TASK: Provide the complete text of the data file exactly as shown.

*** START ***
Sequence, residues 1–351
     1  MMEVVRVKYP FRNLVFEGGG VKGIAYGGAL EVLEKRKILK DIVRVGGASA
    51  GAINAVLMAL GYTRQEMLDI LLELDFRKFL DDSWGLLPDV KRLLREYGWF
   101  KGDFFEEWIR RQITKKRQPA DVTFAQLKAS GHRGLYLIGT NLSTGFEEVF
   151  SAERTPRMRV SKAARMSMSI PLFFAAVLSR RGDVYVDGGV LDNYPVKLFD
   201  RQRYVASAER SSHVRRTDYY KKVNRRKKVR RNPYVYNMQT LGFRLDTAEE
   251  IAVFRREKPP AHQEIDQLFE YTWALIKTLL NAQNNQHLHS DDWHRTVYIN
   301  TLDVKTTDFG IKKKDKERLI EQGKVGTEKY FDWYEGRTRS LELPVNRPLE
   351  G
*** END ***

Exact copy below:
Sequence, residues 1–351
     1  MMEVVRVKYP FRNLVFEGGG VKGIAYGGAL EVLEKRKILK DIVRVGGASA
    51  GAINAVLMAL GYTRQEMLDI LLELDFRKFL DDSWGLLPDV KRLLREYGWF
   101  KGDFFEEWIR RQITKKRQPA DVTFAQLKAS GHRGLYLIGT NLSTGFEEVF
   151  SAERTPRMRV SKAARMSMSI PLFFAAVLSR RGDVYVDGGV LDNYPVKLFD
   201  RQRYVASAER SSHVRRTDYY KKVNRRKKVR RNPYVYNMQT LGFRLDTAEE
   251  IAVFRREKPP AHQEIDQLFE YTWALIKTLL NAQNNQHLHS DDWHRTVYIN
   301  TLDVKTTDFG IKKKDKERLI EQGKVGTEKY FDWYEGRTRS LELPVNRPLE
   351  G